Manhattan (Woody Allen, 1979)

manhattanNow, I have watched this before and, on the first watch I thought a great film. Now, a second time around I realised that there are not so many jokes as there are in ‘Annie Hall’ – but this is not so much a bad thing. It has to be taken that little bit more seriously.

Everyone is completely flawed – Yale – the cheating husband, Isaac – the paedoish guy, Mary – the indecisive broad. Even Tracy is a little naive. Throwing away London for this silly man who, even she should know, is too old for her.

The Gershwin score is awesome – the big band, semi-marching band mixed with the lovely jazz (probably not Gershwin that one…). The great shots – like this mix of conversations with beautiful NYC images. Obviously, the whole section in the planetarium place simply looks stunning. Silhouettes and small highlights – dare I mention Carvaggio or Helmut Newton …

The ambiguous ending … clearly Mary is gone, but does Mary and Yale work out? Did Yale split with the wife? Does Tracy stay … clearly she shouldn’t and I feel that little glance from Woody at the end is trying to say how he is, ultimately, thinking of himself. Take away all the glamour and beauty of NYC, ultimately, he is on his own and alien to the emotions of others – to the point that he is willing to, effectively, destroy someone else’s life purely to make his own loneliness not in vain. Whereas poor Mary – as cerebral as she was – maybe she was simply looking for love and followed her heart more so than her NYC head … then again, she was from Philadelphia. With this in mind, this interesting take on a love story … you cannot help but give ol‘ Woody Allen his credit. I mean, screw the old mans life now. Maybe he did get it on with his adopted child or something … but back in ’79, he made a damn good film and it was relevant and interesting so … there you go!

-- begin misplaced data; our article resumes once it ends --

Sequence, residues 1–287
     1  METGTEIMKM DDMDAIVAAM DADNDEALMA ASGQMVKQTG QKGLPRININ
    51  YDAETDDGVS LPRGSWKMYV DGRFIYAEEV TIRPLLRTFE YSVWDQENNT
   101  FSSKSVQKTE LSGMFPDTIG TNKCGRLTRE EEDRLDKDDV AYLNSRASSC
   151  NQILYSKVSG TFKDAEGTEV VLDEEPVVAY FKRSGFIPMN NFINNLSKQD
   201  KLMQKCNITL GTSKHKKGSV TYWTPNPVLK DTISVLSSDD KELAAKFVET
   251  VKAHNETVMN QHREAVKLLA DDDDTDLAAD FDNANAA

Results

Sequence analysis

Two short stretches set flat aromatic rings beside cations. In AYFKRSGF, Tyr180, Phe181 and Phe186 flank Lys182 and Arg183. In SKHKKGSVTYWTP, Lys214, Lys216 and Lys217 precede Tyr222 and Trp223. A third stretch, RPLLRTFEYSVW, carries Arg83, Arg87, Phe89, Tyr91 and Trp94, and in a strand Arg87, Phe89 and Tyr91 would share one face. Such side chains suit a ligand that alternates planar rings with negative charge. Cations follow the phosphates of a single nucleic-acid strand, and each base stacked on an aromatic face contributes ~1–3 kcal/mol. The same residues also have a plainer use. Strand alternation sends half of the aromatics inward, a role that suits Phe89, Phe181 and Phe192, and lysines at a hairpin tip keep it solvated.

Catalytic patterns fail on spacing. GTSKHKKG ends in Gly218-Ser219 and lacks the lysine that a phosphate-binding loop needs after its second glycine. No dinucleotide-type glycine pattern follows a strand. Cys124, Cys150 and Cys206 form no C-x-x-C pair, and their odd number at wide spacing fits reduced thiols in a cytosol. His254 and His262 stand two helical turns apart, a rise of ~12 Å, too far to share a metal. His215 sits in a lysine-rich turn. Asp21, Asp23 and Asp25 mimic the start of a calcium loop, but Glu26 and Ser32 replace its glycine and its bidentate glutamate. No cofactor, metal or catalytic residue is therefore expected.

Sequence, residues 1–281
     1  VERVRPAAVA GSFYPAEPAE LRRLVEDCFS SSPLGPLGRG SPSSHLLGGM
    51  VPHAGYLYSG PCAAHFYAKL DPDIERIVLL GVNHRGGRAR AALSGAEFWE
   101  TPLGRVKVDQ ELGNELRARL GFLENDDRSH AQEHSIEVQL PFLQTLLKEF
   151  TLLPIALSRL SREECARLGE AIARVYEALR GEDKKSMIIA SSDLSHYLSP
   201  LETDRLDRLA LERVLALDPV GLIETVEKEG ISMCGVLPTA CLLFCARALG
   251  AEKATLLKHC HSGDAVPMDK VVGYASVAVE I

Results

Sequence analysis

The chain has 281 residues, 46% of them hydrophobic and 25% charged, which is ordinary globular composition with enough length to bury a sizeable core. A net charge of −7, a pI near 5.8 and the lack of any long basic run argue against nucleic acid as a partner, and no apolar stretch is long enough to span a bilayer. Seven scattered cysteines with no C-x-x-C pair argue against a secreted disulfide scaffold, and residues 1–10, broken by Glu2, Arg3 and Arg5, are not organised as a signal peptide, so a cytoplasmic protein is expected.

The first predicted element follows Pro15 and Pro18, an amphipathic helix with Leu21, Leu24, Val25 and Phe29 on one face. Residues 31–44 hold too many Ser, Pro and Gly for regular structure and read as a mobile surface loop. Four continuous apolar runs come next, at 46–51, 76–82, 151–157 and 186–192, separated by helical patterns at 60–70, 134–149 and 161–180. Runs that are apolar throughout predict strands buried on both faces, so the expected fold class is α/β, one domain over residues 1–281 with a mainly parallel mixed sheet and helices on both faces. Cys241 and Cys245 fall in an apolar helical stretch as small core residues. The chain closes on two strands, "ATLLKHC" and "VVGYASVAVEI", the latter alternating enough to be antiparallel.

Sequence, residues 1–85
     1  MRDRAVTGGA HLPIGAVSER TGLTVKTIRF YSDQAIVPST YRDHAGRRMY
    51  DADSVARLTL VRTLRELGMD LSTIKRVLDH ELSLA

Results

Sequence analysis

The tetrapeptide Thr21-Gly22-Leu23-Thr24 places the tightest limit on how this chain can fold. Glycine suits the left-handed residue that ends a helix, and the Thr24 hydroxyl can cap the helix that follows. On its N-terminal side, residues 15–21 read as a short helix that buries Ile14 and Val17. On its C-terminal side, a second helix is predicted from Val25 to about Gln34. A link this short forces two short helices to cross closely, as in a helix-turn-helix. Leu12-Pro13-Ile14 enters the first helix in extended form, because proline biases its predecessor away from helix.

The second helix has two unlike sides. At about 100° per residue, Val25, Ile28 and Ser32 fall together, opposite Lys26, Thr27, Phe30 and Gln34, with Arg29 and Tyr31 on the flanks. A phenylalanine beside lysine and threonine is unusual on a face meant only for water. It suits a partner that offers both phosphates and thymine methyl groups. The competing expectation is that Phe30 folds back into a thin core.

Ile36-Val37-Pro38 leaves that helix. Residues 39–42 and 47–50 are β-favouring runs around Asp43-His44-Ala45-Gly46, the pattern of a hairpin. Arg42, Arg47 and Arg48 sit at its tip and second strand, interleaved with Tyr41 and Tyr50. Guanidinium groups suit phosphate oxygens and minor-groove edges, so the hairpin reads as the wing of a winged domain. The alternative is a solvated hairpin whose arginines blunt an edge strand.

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3 comments

  1. Woo hoo, finally something to get my teeth into.

    Firstly Woody Allen. Why does anyone love him? Let's break that down.

    In terms of Manhattan I can't understand what Tracey sees in him and why she gets so upset when he dumps her. I don't think the start of their relationship is ever explained and I'm pretty sure Woody himself expresses some surprise as to why she would be with him. It's self deprecating which should be funny but then that's kinda weird because he cast her opposite him. I'm just saying the level of love is ununderstandable.

    I don't understand why people (actors & viewers alike) are still so reverential about his canon and working with him. He makes a shitload of films and a load of shit films (b'dom cuch). I've seen Match Point (really bad), Melinda & Melinda (boring), Manhattan (unfunny) and Annie Hall (good, but no Airplane!). Obviously I like Vicky Cristina Barcelona but that ain't because of the Woody, or maybe it is. No, it is a good film with an exciting plot in a beautiful city and interesting characters.

    Maybe I should see more.

    Anyway, in this particular film the black and white shot of the bridge is great, the score is great, Diane Keaton is great. The scene in the cafe with the hand is nasty and with hindsight, poorly judged.

  2. Woody Allen makes films cheaply and attracts big stars – thats why studios like him, but everyone else. Well, his whole style is quite unique in american cinema – especially mainstream american cinema. 'Annie Hall' is in no way trying to be non-stop joke-a-thon Airplane! but is trying to show, in a humourous way, the relaxed 'real' attitude of a man – a male Bridget Jones if you will. In my opinion, thats what makes Woody Allen films great – he has this, sometimes brutally honest, ideas about men, art, [I assume] being middle-aged and relationships that is accessible – yet intelligent – and, in some cases, relatable. Of course, there is always that 'Woody-Allen' problem of his personal life, but ignoring that, he makes great films. But, lets be honest, if you don't like 'Match Point' and compare 'Annie Hall' with 'Airplane' then, yeah, you're going to have difficulty liking the mans canon.

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